For generations, residents of Haverhill and neighboring communities have enjoyed the 700 acres of woodlands and trails at Winnekenni Park — but for some people the park has become more than a casual getaway this year.
With the COVID-19 crisis limiting activities for people, especially early in the pandemic, Winnekenni has turned into a vital destination for residents and visitors to Haverhill.
Early in the health crisis, the park gave people a safe place to go when their choices were often limited to their homes or supermarkets. The park is an outdoor venue so big that visitors can easily socially distance while going for a jog or a leisurely walk, or enjoying a picnic.
Now that the community's COVID-19 rules have loosened up, allowing residents more places to go, Winnekenni is still popular with people who were attracted to it early in the pandemic, as well as folks who for years have been visiting the park overlooking scenic Kenoza Lake.
A safe getaway
Families with young kids said they were going stir crazy and became eager to get out of their homes during the pandemic. Winnekenni offered them an escape.
For most of his youth, Jeremiah O’Neil was a regular visitor to Winnekenni Park.
“I used to come here a lot,'' he said. "I grew up here.”
Now he's back.
O'Neil, his wife and their young children enjoy the many attractions the park has to offer, such as a playground for the kids and wide open spaces for family picnics with a view of the whimsical Winnekenni Castle. The castle provides a unique and interesting back story to the park, having been built in the mid-1800s as a summer home for local chemist Dr. James Nichols. The castle was eventually sold to the city, and is a popular landmark in the park.
Natalie Guyot and her two young children visit the playground at Winnekenni often to get out of the house, where they have been feeling trapped by the pandemic. Aside from enjoying the playground, she and her kids like taking walks along the waterfront and through the trails.
“It’s the perfect length walk!'' Guyot said. "And it’s flat.”
Her kids get tired quickly, so a short walk is perfect for them, she said.
Originally from Bradford, Guyot said she rarely visited the park as a child.
“I didn’t come here much,'' she said. "I started coming when I had kids.”
As the coronavirus crisis continues, both O'Neil and Guyot said they are comfortable bringing their children to the park — with an occasional exception. Guyot said she worries about her kids being on the playground equipment when many other children are also there.
“You can go on it,'' she said, "just not when there are many kids around.”
O'Neil said he rarely sees even the smallest piece of litter in the park.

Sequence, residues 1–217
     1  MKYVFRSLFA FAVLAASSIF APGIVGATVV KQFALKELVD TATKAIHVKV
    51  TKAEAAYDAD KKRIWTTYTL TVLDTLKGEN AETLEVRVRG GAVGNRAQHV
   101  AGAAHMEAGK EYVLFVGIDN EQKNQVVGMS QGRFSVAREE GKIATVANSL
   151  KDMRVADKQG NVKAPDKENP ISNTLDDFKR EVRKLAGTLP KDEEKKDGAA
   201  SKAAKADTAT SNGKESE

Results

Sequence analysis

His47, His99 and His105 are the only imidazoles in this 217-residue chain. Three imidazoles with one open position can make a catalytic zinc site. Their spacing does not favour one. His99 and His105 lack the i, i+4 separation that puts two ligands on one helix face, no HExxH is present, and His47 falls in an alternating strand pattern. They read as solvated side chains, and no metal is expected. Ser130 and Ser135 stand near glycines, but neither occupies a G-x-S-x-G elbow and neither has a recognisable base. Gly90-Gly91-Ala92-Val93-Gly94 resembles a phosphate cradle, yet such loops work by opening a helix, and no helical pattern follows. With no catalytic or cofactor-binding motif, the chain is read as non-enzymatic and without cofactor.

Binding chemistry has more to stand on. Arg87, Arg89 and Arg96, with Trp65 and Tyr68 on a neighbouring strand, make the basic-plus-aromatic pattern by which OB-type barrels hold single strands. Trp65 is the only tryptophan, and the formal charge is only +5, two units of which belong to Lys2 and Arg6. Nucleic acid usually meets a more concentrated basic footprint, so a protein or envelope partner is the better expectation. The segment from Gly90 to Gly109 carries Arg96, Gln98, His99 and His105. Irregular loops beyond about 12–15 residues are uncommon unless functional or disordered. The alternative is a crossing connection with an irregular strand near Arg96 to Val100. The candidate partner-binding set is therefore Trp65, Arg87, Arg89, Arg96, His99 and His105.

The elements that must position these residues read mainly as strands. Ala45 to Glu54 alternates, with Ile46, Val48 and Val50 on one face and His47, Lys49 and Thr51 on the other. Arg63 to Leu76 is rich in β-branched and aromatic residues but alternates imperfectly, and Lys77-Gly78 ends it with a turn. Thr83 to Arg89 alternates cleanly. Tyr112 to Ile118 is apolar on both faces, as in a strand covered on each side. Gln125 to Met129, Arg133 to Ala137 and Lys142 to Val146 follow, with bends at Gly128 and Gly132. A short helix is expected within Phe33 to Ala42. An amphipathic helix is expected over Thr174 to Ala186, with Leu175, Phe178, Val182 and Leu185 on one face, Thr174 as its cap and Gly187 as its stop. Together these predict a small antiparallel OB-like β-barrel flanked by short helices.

"It’s a nice place, clean,” he said, describing a major reason why Winnekenni is attractive to families.
'Huge increase in families'
Thomas Sullivan, a member of the park's board of directors, has observed Winnekenni visitors being cautious and responsible, treating the park with respect.
Sullivan said he has seen evidence that visitors are aware of the importance of the park, especially during the pandemic. He said visitors also recognize the need to keep the park clean.
“People are wearing masks, and not only that, but also picking up after themselves,” he said.
Sullivan also emphasized that starting with the onset of the pandemic, there has been a large increase in the number of visitors to the park.
“I saw it in April, a huge increase in families,” he said.
Over centuries and many many decades, Winnekenni Park has improved and changed in a variety of ways. New and recurring attractions have become popular forms of entertainment there for Haverhill people and visitors from other communities. Examples of this, Sullivan said, include the castle reopening for events after being closed for months during the pandemic, and a recent outdoor theatrical production of "The Addams Family'' — based on the popular TV show from the 1960s.
The park has brought in new crowds as well. The attractions include the recent addition of “instructed yoga on the lawn next to the castle, with a limit of 10 people,'' Sullivan said.
"It is going very well,” he said of the yoga class.
The COVID-19 crisis has managed to put much of people’s regular lives on pause, but outdoor recreational spaces like Winnekenni have been essential to helping them avoid being cooped up inside their homes.
Young families who frequent the park today are likely to eventually find that Winnekenni can create memories of happy, sun-splashed days strolling on trails and enjoying picnics.
Just ask Estelle Bucuzzo.
While visiting the park on a recent sunny afternoon, Bucuzzo, a 93-year-old lifelong Haverhill resident, recounted fond memories from her childhood.
“Me and my sister visited this park back in the '40s during World War II,'' she said, "and I still enjoy coming here from time to time.”
ABOUT WINNEKENNI PARK
700 acres, much of which is woodlands with trails.
Winnekenni Castle dates back to the mid-1800s.
Castle hosts events such as outdoor theatrical performances.
Basin and Kenoza Lake reservoir border the park.
Fishing and ice skating allowed at basin, but not at lake.